With the media restricted, Zimbabweans are using new technologies for political campaigning and communication.
Blogs, Flickr, Facebook, SMS, YouTube and mash-ups have been used in a number of ways, from providing up-to-date news to passing on political jokes.
Ndesanjo Macha, a Tanzanian blogger, journalist and lawyer who is based in the US, writes on the Global Voices online blog that: ‘If you are in Zimbabwe and your phone rings, you might be receiving a news headline from SW Radio, an election update from Kubatana.net or a political joke about Robert Mugabe.”
With mobile phone access in Africa reasonably widespread, SMS is being used by activists. The London-based SW Radio has been using SMS to send news headlines to mobile phones in Zimbabwe. It also includes text messages on the site.
One says: ‘I stay in mbare i was beaten with logs fist kicks and i was evicted al this hapend at mbare 7 district ofice until nw i am outside i do nt no wat 2 do.’
Another says: ‘They r going around ordering ev’one 2go &vote sayin we should report 2base &go 2 vote cell by cell or face violence thats in mbare & highfield.’
A third says: ‘People are still being dragged to torture bases in the middle of the night and they are being threatened that the exercise will continue even if ZANU wins. What can people do to protect themselves?”
SW Radio, the only independent radio station that can be heard in Zimbabwe, broadcasted hour-long news updates on Friday, Saturday and Sunday last week in addition to its daily three-hour news programme.
An online community of Zimbabwean activists called Kubatana is also using SMS to send election news and facilitate debate. It sends out notifications of public events, quotations, and selected comments from current and past articles.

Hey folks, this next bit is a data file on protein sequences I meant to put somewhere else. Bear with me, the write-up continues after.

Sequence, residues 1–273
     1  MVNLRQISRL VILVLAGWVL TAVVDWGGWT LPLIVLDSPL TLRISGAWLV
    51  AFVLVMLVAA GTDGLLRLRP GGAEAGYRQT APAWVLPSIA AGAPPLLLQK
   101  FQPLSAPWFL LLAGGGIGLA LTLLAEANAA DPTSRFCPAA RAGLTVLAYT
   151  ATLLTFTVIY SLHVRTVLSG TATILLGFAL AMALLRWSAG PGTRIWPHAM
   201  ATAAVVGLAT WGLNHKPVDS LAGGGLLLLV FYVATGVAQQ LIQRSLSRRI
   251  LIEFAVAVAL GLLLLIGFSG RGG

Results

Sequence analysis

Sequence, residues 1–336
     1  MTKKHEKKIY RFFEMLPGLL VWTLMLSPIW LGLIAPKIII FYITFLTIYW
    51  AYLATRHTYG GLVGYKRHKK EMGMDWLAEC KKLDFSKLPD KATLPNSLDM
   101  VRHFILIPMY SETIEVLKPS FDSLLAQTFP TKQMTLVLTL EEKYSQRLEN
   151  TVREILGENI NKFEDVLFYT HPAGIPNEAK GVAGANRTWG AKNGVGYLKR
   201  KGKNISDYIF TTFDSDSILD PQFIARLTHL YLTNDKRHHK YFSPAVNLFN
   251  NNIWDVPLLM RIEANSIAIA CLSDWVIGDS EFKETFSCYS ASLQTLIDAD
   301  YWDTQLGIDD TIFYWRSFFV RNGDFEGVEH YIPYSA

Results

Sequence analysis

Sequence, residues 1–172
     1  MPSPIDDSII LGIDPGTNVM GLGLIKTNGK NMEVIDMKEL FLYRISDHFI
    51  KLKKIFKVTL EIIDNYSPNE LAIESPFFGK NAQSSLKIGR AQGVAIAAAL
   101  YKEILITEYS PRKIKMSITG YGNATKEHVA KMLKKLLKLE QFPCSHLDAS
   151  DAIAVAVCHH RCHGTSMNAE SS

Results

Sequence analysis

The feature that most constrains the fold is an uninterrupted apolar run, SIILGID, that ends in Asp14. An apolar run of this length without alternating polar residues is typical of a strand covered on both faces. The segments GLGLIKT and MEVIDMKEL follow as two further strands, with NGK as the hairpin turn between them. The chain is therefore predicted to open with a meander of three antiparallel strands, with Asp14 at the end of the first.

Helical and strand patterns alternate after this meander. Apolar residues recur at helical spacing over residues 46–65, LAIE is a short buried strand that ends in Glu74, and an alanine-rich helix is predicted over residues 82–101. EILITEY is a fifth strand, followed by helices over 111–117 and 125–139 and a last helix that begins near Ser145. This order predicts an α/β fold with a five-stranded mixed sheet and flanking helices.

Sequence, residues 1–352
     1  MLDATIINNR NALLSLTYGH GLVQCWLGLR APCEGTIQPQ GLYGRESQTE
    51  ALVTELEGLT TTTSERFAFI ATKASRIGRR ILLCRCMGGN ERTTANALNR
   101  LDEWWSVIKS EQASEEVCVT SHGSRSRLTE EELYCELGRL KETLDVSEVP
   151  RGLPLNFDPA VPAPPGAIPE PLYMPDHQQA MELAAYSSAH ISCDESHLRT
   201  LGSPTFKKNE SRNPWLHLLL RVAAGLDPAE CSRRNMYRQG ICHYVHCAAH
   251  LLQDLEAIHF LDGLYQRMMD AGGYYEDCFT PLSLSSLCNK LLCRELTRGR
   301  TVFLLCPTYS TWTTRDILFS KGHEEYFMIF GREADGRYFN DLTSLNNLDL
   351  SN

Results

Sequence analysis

Some of the website’s content is sent out in 160 character messages. Subscribers are also encouraged to send in their own messages to www.sokwanele.com/thisiszimbabwe/archives/1063.
Sokwanele, the civic action support group, has produced an online map showing violence in the country based on first-hand testimony from victims that so far shows 1,000 incidents.
The site also uses animation to show different groups responsible for the violence in the capital, Harare.
Icons on the map open up to provide information about each case, including which constituency and province it occurred in and what happened as well as giving a summary of results from the 29 March elections.
The website stresses that the map can only provide a ‘sample’of the cases of violence: ‘The experiences here represent those people who have found a way out of the areas where they were being persecuted to find assistance, or it reflects those who have managed to find someone that they have been able to report their experience to.
‘Their stories, on this map, come from a variety of sources who have carefully recorded their testimony,’ the website says.